A Fan History of Paul Pierce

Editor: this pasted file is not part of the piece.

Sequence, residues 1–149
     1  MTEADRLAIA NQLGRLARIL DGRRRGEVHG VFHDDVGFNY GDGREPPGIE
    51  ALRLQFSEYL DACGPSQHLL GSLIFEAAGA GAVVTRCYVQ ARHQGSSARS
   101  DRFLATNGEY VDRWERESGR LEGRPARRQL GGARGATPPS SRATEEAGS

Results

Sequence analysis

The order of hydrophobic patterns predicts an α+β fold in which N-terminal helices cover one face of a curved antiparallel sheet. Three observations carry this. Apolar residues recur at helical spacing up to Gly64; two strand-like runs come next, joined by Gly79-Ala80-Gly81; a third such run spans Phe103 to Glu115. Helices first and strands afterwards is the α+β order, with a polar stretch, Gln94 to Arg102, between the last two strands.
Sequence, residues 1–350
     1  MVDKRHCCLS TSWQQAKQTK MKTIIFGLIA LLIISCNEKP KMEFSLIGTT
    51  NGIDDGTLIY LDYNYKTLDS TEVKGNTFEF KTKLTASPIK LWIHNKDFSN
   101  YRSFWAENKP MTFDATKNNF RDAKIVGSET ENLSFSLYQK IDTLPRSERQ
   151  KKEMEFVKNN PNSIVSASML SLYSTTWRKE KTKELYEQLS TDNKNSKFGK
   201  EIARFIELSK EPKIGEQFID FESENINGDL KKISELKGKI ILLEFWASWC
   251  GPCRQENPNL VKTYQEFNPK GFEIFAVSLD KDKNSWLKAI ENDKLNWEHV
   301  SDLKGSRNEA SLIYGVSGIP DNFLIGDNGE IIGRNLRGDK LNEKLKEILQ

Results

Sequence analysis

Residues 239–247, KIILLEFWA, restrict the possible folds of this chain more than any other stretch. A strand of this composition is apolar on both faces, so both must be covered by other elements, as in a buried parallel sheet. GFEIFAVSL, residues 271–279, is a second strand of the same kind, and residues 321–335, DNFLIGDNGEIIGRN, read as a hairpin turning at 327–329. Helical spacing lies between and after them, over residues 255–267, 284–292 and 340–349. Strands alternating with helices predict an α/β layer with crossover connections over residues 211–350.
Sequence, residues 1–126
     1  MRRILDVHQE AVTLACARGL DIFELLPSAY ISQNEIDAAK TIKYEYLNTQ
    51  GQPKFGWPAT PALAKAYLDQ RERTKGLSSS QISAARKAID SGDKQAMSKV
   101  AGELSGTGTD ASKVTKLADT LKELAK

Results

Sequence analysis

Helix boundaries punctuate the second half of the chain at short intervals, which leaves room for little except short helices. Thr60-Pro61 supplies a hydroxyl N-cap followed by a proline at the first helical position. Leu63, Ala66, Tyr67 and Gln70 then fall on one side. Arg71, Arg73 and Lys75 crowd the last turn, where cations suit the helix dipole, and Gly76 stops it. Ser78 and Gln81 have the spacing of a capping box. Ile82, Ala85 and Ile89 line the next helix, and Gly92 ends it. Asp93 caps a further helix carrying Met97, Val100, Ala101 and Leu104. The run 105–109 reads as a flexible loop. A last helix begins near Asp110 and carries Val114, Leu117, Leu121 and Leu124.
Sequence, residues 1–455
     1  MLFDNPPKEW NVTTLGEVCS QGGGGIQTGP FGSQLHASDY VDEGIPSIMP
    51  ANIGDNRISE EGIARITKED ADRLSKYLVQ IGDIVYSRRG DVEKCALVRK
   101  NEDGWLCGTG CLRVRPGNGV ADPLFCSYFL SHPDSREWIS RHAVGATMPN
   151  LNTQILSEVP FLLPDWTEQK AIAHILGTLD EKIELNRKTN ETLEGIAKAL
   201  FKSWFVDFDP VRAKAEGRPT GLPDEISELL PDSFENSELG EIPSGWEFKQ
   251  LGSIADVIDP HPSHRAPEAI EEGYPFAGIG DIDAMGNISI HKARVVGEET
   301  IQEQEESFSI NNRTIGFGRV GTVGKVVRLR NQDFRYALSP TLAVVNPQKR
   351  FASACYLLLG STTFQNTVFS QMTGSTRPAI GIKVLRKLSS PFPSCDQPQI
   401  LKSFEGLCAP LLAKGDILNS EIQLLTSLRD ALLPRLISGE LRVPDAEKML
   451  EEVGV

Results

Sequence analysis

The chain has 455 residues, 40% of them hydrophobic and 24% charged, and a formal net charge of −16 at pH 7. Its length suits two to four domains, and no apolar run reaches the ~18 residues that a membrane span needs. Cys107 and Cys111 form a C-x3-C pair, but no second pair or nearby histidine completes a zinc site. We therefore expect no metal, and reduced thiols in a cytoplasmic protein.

Last summer Paul Pierce was traded to the Brooklyn Nets after 15 years with the Boston Celtics. During one of the many conversations I had about Pierce at the time, I was asked what I thought the prime of his career had been. Usually, a glance at a career stat sheet is good enough for a rough estimate of a player’s “prime”. Some guys are late bloomers and his first couple of seasons can be overlooked. Some guys hang around long after their best days are behind them and you can knock off years on the end. With Pierce, it’s murkier. His career numbers don’t have the peak you might expect from a player who rounds into shape over his first seasons and then tapers off when age starts to overwhelm experience. His numbers are more wave-like, going up and down through his career. His best statistical years happened, mostly, for bad teams and his most successful years didn’t come until he was already an NBA veteran whose numbers had begun their decline. I had watched most of his career as a rapt, young Celtic fan and didn’t know the answer. The question swirled around in my head all year. Now the season is over and Pierce will face free agency as a 36-year old role player and I still wonder: What was Paul Pierce’s prime?